What's preventing more prevention? Barriers to development at academic medical centers

J Gen Intern Med. Nov-Dec 1992;7(6):630-5. doi: 10.1007/BF02599203.


Objective: To determine the views of leaders in academic medicine concerning the need for programs in preventive medicine (PM) and the prevailing barriers to program development.

Design: Structured interviews.

Setting: Medical schools of the United States.

Patients/participants: 90% of deans and chairpersons of departments of medicine and preventive medicine.

Interventions: None.

Measurements and main results: 91% considered academic PM underdeveloped and 100% considered their own programs average or worse. Identified barriers to development included funding constraints, academic partiality to biomedicine, inadequate quality of preventive medicine research and faculty, public preferences for technologic care, and organization of academic medical centers (AMCs). While 80% perceived a shortage of able PM faculty and 60% considered PM research quality to be inadequate, only 12% of PM units gave research training high priority. While 95% of respondents held that AMCs should develop community programs and 75% identified social problems as a cause of chronic diseases, 65% agreed that community programs are not considered scholarly. Only 23% of PM units gave community service high priority.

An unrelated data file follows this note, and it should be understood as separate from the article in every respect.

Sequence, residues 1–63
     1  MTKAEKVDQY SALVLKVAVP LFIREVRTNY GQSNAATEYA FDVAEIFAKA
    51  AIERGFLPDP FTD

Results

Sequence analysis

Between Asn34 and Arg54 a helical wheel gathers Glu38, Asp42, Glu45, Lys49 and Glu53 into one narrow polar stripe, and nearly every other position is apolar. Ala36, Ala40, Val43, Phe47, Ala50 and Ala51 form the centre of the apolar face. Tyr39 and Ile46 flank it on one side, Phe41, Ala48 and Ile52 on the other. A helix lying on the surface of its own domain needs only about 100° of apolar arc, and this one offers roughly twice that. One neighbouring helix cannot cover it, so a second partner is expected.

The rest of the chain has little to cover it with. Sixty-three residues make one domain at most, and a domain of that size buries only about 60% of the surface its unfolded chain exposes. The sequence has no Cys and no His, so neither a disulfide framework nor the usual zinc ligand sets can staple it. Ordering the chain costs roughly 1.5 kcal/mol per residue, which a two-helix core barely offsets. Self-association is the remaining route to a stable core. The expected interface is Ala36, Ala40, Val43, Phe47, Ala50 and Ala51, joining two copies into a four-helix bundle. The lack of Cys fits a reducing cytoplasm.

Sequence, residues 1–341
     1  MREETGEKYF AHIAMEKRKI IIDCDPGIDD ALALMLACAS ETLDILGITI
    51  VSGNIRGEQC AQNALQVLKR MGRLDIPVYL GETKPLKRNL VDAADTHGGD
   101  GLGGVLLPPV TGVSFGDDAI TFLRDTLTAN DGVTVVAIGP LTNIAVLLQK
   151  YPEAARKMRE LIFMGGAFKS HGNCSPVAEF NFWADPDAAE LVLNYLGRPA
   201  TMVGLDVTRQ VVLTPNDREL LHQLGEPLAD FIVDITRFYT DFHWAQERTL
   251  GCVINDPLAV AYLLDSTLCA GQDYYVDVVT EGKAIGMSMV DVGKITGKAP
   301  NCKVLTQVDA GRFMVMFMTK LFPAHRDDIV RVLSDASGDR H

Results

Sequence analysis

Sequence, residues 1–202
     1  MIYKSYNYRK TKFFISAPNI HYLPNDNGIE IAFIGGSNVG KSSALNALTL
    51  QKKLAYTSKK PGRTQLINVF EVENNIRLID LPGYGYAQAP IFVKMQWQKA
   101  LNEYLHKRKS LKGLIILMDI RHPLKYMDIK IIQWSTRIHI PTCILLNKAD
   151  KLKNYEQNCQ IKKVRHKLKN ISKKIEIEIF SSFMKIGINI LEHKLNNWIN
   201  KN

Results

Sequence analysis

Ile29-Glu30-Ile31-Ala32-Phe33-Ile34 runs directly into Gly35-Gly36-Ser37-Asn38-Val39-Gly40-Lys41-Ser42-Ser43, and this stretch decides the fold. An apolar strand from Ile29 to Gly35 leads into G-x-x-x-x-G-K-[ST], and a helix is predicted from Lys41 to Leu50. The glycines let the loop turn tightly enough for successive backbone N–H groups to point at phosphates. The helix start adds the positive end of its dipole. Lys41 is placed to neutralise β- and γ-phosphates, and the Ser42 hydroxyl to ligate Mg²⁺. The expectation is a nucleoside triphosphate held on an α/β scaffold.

Conclusions: A policy contradiction exists: academic leadership agreed on the problems and needed changes in PM, yet the problems were often attributed to nonacademic sources, particularly finding and public preferences, and current academic practices commonly fail to address recognized developmental barriers within academic institutions. A chain of barriers is apparent. Breaking the chain may require a change in our understanding of the role of prevention.

Publication types

  • Research Support, Non-U.S. Gov't

MeSH terms

  • Attitude of Health Personnel
  • Education, Medical* / economics
  • Humans
  • Interviews as Topic
  • Preventive Medicine / economics*
  • Preventive Medicine / education*
  • Research
  • Schools, Medical / organization & administration
  • Schools, Medical / statistics & numerical data*
  • United States